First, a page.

SE: Where does Githead fit in both of your creative spectra that isn’t fulfilled by your other musical outlets?
COLIN: It may seem an obvious and stupidly dumb point but it really is true that different combinations of people will produce different results. Beyond the obvious ‘official’ things we are involved in we also have other less formal things where we play with different people and it is endlessly fascinating what different combinations can produce. Certainly Githead does have some qualities not found in other places, the driving “motorik” rhythm combination between Malka & Max is is something very Githead (although never found in their older band Minimal Compact). There are also lots of little musical devices which, although not entirely exclusive to Githead, have become definite ways in which Githead material can be distinguished from other things we work on. Then beyond that you have one really big difference between Githead & Wire in that Githead tends start with a collaboration to get the basic ideas which are then developed by Malka and me into finished pieces whereas Wire works from a finished composition and develops an arrangement around that core. There are plusses & minuses for both methods but the former does seem more suited to Githead’s prevailing mood.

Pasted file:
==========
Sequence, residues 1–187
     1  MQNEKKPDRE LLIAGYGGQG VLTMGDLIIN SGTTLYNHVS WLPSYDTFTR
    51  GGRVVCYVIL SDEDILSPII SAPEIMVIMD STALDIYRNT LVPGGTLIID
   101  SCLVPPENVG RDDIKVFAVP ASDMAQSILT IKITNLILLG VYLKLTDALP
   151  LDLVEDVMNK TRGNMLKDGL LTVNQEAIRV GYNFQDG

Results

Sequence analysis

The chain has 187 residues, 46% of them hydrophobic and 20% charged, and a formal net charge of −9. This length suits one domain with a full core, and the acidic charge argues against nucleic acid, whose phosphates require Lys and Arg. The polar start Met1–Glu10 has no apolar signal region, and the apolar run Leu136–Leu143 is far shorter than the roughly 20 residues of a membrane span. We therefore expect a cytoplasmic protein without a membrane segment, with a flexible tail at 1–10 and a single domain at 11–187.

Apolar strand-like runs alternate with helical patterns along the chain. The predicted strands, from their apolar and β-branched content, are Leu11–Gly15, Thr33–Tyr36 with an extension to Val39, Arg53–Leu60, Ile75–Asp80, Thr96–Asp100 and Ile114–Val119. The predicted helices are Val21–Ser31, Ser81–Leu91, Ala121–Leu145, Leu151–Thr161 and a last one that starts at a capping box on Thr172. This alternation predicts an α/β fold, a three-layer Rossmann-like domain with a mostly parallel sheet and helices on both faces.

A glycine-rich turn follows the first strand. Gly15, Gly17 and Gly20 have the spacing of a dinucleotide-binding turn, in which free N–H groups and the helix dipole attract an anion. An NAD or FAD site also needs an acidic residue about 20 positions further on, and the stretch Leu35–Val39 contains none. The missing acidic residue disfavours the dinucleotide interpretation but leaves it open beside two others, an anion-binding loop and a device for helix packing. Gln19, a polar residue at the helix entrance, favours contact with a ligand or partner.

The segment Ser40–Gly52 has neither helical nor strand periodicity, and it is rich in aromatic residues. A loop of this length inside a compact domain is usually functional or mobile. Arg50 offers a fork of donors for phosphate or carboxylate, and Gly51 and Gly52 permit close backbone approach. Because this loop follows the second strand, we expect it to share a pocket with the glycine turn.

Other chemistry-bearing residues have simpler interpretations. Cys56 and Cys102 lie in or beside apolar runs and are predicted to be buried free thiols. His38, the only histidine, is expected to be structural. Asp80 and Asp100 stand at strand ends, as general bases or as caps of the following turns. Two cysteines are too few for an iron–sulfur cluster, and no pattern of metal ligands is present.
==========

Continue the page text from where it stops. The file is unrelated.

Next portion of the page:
SE: Malka, for a number of years now you’ve dedicated much of your energy into video, photography, etc and have become an accomplished visual artist. Has that discipline noticeably bled into your writing over on the audio side of things, in terms of lyrics or sonics or both?
MALKA: For me it all comes from a similar mood, although the methods are quite different I tend to find a lot of similarities. I prefer to work very quickly in whatever medium I’m working in, I always want to have the first result before I had the chance to think about it. Then I choose & develop the ideas . I would say the only real difference between the visual work and music work is that I tend to do the visual stuff on my own whereas music is always a collaboration.
SE: Bit of a pedestrian question, I suppose, but how did the name Githead come about?
COLIN: I guess the name was the way of dealing with the problem of being expected to be some kind of worthy ‘experimental project’. It came out of a joke in an early rehearsal and we kept it because it was so stupid. Githead can be serious but is also very light & funny. You have to go back to “Headgit” to see the roots of all that, there is a very playful quality there.
[photo by Frank Lievaart]